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Homeschooling: A Certified Teacher’s Pro Tips For A Successful Academic Year at Home

Because so many parents, myself included, have decided to remove their children from the public school system in light of recent events, we thought it would be beneficial to share some tips from an actual teacher.  These are her professional tips to get your kids motivated and learning at home this year!

Because so many parents, myself included, have decided to remove their children from the public school system in light of recent events, we thought it would be beneficial to share some tips from an actual teacher.  These are her professional tips to get your kids motivated and learning at home this year!

Related: How To Find The Right Homeschooling Program For Your Family

This is new for many, and it’s already been a learning experience. For me, I have one child who is ready to be homeschooled because he doesn’t want to sit alone on the bus.  My other child is a social butterfly and she’s having a hard time understanding that she won’t have that socialization even if she goes back to school.  I found that finding another mom with kids she gets along with who is also homeschooling has already helped me convince her to give it a try. So if that’s your hang-up, see if you can find other kids who homeschool in your area!

But how do you stay on track while at home?

Tip #1 – Forget What You Thought Homeschooling Be Like

You need to “unschool” yourself. Undo what you think homeschool needs to look like based on your public school experience. Your homeschooling day doesn’t have to last all day long or even close. You don’t have to have a cute activity for every subject. Books, pencils, and paperwork are just fine. Your child is not going to be spending half the day in a class line moving about the school anymore.  You don’t have to think about this taking nearly as much time as a school day, which a lot of that is spent at recess, lunch, on the bus, waiting for the bus, and waiting in lines.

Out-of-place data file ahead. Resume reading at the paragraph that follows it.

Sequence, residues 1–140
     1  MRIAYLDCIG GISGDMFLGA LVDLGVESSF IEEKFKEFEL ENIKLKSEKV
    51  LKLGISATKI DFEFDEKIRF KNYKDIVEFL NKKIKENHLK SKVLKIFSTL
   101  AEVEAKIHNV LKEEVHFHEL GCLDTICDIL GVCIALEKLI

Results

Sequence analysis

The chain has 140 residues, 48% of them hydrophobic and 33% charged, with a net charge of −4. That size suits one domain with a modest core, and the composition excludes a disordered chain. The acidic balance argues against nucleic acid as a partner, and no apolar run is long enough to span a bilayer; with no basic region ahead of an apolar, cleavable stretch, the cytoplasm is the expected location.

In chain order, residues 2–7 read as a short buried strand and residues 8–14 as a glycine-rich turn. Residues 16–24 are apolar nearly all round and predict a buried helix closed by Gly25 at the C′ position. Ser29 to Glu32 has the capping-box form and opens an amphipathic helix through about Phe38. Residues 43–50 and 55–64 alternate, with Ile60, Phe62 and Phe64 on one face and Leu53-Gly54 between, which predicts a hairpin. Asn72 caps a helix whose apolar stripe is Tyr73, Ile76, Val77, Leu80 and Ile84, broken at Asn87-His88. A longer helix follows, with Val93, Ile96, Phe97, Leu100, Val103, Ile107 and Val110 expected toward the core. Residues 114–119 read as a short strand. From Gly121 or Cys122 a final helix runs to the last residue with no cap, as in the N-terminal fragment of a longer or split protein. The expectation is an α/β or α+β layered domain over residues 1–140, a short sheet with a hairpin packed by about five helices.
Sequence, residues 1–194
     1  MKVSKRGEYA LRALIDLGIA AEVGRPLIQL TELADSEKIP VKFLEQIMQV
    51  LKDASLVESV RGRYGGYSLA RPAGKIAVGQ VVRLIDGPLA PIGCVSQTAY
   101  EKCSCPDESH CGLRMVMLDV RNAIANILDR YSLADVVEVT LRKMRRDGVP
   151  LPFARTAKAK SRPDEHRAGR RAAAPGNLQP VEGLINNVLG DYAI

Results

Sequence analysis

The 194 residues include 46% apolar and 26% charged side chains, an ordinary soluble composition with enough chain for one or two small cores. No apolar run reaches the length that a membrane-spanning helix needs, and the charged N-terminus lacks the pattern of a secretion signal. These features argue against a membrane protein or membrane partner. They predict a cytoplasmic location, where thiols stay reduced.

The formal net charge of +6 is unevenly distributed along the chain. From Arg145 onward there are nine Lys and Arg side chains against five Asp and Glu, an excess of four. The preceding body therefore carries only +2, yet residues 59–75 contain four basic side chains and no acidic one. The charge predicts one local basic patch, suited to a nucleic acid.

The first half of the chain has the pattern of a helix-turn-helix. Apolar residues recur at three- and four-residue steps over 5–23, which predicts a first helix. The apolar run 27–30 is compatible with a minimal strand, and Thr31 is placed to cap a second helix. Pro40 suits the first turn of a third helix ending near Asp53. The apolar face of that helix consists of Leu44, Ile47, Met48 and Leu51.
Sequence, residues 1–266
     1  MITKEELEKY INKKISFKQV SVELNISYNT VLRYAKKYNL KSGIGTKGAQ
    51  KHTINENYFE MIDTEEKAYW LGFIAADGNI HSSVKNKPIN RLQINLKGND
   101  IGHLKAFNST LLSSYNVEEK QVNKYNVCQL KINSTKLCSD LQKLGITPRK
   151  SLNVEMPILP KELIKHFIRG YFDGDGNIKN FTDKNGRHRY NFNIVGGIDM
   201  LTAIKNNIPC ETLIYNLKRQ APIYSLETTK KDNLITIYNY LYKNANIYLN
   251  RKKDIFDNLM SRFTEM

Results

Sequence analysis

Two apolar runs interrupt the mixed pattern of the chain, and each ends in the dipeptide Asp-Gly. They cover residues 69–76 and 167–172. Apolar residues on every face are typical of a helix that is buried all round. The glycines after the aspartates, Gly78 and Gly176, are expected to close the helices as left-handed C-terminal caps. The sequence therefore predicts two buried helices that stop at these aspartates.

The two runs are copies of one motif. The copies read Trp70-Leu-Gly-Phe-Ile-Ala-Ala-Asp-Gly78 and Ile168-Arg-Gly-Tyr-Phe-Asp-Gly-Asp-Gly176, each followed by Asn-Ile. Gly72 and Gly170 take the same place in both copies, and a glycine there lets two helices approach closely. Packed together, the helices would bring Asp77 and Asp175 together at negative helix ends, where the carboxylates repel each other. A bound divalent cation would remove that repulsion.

Many traps new homeschool parents fall into is trying to check all the boxes. Forget what other parents are doing and do what works for you. One year for history, a certified teacher read a chapter a day to her kids about a particular time in history, and then they talked about it. That’s it! Now, when they hear that topic come up they will say things like, “I remember him, didn’t he do so and so?”

Tip #2 – Stay Organized


Try getting a few plastic crates. It’s a low-cost way of keeping your kids organized. It is easy to transport in case kids need some extra privacy and also accommodates hanging file folders for sectioning off classes and assignments. This works well for all kids, even those who aren’t overly organized, so they know where their stuff is. Grab some matching colored binders and sort subjects by color. Before school starts, have your children each organize her subjects by the file folder and coordinated her binders to match the hanging file folder so that it was easy to remember.